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How to Propose to a Girlfriend that Knows You’re Going to Propose

Letting the cat out of the bag and having your girlfriend find out when, where and how you’re going to propose is a classic mistake that I see men make all the time.

Of course, this situation is completely avoidable. There are ways to make sure your plans aren’t leaked in the first place and I cover this in excruciating detail in the book. I also cover creative ways to throw her off your scent without pissing off your girlfriend (since she’s now expecting a proposal and it’s likely her friends/family also know about it too, which equals more expectations).

This young chap’s solution is one of the ways I highly recommend – have a back up plan and create diversion tactics. (Maybe he read the book?) lol. I should also point out that he did a lot of things right in his proposal that many men fail to overlook, such as having secret videographers set up (via friends and family) to record the proposal and making sure it was a meaningful proposal by revisiting the places that were significant to their relationship.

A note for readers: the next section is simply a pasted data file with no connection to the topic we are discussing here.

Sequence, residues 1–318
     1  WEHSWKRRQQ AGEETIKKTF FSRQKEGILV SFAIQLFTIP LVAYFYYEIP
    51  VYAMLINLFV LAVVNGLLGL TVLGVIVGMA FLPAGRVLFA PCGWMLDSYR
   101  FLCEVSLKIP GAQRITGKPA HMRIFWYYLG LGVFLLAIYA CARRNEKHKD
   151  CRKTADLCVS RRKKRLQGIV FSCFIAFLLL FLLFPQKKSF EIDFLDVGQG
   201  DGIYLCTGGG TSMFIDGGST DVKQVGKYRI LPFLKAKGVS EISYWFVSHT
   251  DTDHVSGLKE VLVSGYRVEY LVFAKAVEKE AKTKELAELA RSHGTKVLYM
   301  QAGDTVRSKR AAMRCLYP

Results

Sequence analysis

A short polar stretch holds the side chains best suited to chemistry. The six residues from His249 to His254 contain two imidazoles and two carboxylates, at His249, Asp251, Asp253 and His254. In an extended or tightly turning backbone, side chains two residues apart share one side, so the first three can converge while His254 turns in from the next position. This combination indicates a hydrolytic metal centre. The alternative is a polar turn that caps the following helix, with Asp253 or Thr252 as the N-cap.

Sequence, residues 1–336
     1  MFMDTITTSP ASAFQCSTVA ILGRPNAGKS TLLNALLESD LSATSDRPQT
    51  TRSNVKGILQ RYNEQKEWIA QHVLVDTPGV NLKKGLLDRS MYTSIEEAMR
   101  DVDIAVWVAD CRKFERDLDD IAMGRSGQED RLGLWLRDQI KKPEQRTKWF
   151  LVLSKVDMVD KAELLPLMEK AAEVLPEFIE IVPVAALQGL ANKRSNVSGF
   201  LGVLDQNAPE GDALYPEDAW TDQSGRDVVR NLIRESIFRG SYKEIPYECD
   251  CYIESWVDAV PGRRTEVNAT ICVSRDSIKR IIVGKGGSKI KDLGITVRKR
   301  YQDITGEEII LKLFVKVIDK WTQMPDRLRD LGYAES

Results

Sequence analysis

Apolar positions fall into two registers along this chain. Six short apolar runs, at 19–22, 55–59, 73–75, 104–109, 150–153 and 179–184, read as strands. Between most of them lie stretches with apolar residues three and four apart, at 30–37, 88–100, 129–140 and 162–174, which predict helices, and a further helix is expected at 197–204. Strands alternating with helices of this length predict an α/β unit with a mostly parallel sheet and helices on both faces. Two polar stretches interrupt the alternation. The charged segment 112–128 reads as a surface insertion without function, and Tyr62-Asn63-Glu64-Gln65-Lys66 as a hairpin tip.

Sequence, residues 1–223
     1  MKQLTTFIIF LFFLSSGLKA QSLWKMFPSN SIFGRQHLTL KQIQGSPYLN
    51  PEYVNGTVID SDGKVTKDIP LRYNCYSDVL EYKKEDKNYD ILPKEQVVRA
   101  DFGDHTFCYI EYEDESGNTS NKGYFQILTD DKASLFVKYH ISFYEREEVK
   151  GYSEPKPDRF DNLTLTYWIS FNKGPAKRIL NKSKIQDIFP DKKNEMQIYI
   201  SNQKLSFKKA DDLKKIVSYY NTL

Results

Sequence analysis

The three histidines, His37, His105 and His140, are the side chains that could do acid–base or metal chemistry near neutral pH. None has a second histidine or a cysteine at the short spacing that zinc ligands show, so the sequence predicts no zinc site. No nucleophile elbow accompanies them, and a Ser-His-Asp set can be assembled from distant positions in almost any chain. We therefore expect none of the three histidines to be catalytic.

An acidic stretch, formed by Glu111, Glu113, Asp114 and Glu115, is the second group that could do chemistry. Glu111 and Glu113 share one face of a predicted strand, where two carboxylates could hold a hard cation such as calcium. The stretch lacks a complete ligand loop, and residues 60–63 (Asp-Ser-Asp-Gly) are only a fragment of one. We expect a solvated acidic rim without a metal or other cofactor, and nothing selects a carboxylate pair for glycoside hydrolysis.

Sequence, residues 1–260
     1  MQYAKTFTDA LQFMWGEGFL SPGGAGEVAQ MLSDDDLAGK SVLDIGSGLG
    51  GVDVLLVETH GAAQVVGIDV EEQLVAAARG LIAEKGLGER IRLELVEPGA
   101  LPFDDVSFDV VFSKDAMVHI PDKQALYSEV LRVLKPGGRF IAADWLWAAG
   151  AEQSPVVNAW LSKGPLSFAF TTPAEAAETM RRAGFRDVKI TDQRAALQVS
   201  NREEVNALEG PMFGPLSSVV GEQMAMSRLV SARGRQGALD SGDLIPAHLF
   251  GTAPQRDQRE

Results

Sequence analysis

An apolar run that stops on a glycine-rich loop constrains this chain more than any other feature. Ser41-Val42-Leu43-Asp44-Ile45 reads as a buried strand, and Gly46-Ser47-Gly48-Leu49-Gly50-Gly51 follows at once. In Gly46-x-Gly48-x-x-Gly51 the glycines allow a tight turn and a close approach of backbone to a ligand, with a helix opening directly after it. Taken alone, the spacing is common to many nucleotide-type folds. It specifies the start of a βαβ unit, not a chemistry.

Click the video below to watch how this guy handled proposing to his girlfriend who found out he was going to pop the question.

diversionproposals


New Research Ties Women’s Unhappiness with Proposal to Race

small_wow_proposals_info_graphic_New research by proposal expert, Robert Gosling, suggests a man’s race may be a contributing factor for whether or not a woman can expect to receive the proposal of her dreams.

Today, I am revealing new research that sheds interesting light on the recent leap in the number of women unhappy with their marriage proposal (25% to 33% from 2011 to 2013).

With uber romantic and over-the-top proposals being de rigueur on YouTube and many becoming overnight sensations, like the home depot, and flash mob videos that made news headlines nationwide, it would appear more men are getting the message that a proposal should be a big deal and are doing their best to make the moment memorable for their intended.

Why the growing discontent amongst women then? According to the research, certain segments of the population have yet to realize the shift in their mate’s expectations and are skewing the numbers down.

ABOUT THE STUDY: